9. Are their racial or socioeconomic conflicts in this passage?
  10. How would an oppressed person identify with this passage?
  11. How would a wealthy or empowered person identify with this passage? 
  12. What does this passage say about God?
  13. What does this passage say about (and to) people in general?
  14. What does this passage say about (and to) the church?
  15. What does this passage say about (and to) me?
  16. What does this passage remind you of in the bible?
  17. What would this passage mean to it’s original hearers? *
  18. What has this passage meant to Christians and Jews throughout the ages? * 
  19. Are there any ancient or modern day rites of passage that this passage highlights mimicks, or echos? 
  20. What would the world's advice to the gospel be in relationship to this passage?
  21. How does this passage fit in to the text of the surrounding chapters?
  22. How does this passage interact with the broad themes of the entire book? *
  23. What bothers me about this passage? 
  24. Where do I want to disagree with the passage?
  25. How do I need to respond to what I just learned?
  26. Are there any unusual words or phrases that I should research further?


What questions would you want to add to the list?





Saturday, July 26, 2014

July Reading List

Evangelical Theology by Karl Barth
A meticulous scholar, relevant but dull at times.

Taking on the Cross in Youth Ministry by Andrew Root
A fantastic piece of theology which uses narratives from youth ministry to illustrate the importance of the crucifixion as a means for developing identity.

Children of Divorce by Andrew Root
I liked Root's other book so much I read this one too. It felt a little repetitive in the context of reading Taking on the Cross.

The Next Christendom by Philip Jenkins (READ THIS BOOK)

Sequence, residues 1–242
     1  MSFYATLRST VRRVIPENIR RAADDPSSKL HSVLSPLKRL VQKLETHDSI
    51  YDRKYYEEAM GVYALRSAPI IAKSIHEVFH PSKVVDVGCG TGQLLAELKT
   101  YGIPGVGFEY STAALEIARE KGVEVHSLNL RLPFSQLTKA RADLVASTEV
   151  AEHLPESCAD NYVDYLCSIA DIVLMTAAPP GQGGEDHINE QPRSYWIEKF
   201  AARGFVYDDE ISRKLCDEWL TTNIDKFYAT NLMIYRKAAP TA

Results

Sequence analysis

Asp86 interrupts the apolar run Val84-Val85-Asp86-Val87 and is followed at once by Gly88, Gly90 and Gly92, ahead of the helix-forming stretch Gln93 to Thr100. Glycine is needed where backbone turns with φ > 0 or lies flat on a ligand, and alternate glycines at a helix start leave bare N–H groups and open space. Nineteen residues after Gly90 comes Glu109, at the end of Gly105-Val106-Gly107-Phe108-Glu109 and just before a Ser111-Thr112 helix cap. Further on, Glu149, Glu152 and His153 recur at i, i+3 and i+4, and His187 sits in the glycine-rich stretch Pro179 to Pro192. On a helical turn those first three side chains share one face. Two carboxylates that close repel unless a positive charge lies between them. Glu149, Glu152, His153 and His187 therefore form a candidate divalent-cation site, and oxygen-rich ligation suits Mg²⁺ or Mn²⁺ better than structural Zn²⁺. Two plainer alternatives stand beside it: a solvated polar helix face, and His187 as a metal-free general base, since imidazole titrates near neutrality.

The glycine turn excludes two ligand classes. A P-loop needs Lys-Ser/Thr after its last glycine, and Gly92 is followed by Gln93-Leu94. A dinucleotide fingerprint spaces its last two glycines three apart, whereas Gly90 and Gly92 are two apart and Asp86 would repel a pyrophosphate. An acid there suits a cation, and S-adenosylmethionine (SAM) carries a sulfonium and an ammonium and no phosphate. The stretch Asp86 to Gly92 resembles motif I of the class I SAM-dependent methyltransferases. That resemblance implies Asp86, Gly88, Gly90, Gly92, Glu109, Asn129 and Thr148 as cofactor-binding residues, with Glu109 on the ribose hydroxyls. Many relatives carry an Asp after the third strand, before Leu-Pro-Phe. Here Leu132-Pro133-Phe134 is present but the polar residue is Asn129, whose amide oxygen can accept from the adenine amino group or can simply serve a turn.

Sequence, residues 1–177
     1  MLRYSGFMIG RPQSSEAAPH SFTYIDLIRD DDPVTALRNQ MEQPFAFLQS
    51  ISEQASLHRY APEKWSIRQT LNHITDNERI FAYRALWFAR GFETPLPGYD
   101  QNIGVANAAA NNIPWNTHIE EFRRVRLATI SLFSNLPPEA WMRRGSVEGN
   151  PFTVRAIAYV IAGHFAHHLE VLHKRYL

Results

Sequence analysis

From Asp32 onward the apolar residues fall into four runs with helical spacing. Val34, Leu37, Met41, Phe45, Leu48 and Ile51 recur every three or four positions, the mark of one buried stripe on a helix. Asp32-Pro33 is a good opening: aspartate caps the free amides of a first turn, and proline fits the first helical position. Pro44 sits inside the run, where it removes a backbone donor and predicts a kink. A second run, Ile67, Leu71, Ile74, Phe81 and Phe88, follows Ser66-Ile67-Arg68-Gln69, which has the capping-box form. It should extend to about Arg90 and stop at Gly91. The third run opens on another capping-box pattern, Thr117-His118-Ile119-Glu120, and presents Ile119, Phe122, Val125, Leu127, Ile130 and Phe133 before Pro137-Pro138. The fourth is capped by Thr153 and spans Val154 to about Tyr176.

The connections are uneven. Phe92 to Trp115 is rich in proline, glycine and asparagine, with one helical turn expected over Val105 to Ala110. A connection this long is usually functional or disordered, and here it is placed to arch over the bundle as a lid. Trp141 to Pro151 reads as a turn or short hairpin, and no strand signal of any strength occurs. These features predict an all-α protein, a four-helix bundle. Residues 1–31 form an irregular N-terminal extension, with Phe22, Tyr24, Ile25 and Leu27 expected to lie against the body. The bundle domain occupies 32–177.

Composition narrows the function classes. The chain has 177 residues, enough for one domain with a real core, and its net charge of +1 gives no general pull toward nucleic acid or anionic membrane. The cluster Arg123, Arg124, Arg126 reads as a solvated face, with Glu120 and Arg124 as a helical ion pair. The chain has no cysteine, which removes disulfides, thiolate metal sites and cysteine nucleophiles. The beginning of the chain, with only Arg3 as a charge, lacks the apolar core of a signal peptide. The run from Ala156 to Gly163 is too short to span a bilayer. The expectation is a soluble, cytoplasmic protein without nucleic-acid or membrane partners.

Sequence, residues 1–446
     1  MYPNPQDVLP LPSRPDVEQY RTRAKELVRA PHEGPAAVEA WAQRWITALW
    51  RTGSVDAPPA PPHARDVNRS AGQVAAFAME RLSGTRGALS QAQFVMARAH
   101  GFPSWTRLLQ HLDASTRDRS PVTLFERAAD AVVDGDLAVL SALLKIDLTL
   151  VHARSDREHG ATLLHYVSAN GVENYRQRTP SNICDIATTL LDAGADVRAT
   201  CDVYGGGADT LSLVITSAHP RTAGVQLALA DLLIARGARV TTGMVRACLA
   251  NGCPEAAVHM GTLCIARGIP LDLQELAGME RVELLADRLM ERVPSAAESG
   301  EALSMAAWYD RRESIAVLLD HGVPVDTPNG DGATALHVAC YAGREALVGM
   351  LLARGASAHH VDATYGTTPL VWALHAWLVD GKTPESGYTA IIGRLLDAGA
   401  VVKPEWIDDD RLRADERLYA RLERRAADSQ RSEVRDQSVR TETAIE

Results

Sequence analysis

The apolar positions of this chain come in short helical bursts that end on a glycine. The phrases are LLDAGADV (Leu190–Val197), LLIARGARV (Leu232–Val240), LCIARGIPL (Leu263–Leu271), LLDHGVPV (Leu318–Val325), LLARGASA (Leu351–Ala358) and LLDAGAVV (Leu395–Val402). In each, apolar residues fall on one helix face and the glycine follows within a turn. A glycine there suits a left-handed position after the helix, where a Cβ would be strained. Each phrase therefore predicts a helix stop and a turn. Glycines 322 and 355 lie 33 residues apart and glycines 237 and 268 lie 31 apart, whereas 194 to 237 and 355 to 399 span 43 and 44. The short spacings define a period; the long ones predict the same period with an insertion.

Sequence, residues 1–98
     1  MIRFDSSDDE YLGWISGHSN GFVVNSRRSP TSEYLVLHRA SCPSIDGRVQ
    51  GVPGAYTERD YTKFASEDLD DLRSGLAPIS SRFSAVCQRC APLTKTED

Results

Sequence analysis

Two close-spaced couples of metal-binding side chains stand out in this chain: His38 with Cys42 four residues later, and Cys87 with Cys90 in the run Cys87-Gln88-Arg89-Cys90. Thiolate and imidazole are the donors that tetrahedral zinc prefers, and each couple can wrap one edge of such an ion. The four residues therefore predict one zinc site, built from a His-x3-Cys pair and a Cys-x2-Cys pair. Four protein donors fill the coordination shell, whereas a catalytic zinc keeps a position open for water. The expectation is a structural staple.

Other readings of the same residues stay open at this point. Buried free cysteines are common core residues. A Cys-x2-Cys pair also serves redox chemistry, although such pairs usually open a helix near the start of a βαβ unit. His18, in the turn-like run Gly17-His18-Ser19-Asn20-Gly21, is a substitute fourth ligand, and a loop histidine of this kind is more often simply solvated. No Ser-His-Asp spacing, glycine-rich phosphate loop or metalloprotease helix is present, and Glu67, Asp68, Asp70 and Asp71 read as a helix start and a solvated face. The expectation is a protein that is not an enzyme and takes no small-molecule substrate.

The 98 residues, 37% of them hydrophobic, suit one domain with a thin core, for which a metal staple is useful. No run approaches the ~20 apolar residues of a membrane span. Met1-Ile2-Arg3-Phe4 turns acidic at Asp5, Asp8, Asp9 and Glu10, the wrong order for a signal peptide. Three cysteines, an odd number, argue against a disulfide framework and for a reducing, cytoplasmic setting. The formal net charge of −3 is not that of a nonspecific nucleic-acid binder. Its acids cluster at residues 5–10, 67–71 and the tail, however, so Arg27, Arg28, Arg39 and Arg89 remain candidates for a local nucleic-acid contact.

This one is the find of the month. It is the big recommendation. Jenkins takes us briefly through the history of Christendom then argues, very successfully, that present Christianity is not dying. it is growing and it is also migrating south. A perfect book for anyone concerned about the "death of the church" it gives a lot of hope.

Conversation, How it Works by Anne Curzan
I like linguistics. This was a brief lecture about how we communicate with each other. It was pretty basic stuff.

Poems by Walt Whitman
I love poetry. I thought it was time for me to get acquainted with the grandfather of the American poem.

Monster Hunter: Nemesis by Larry Corriea 
I like to switch up my reading. Especially when the list gets too "thinky." So I read a book about the wolfman fighting the Frankenstein monster. It is not for everyone but for me, there is nothing wrong with a little pulp genre fiction every once in awhile. :)


Friday, July 4, 2014

I Hear America Singing

I hear America singing, the varied carols I hear,
Those of mechanics, each one singing his as it should be blithe and strong,
The carpenter singing his as he measures his plank or beam,
The mason singing his as he makes ready for work, or leaves off work,
The boatman singing what belongs to him in his boat, the deckhand
singing on the steamboat deck,
The shoemaker singing as he sits on his bench, the hatter singing as he stands,
The wood-cutter’s song, the ploughboy’s on his way in the morning, or
at noon intermission or at sundown,
The delicious singing of the mother, or of the young wife at work, or of
the girl sewing or washing,
Each singing what belongs to him or her and to none else,
The day what belongs to the day—at night the party of young fellows,
robust, friendly,
Singing with open mouths their strong melodious songs.
-Walt Whitman

Happy Fourth People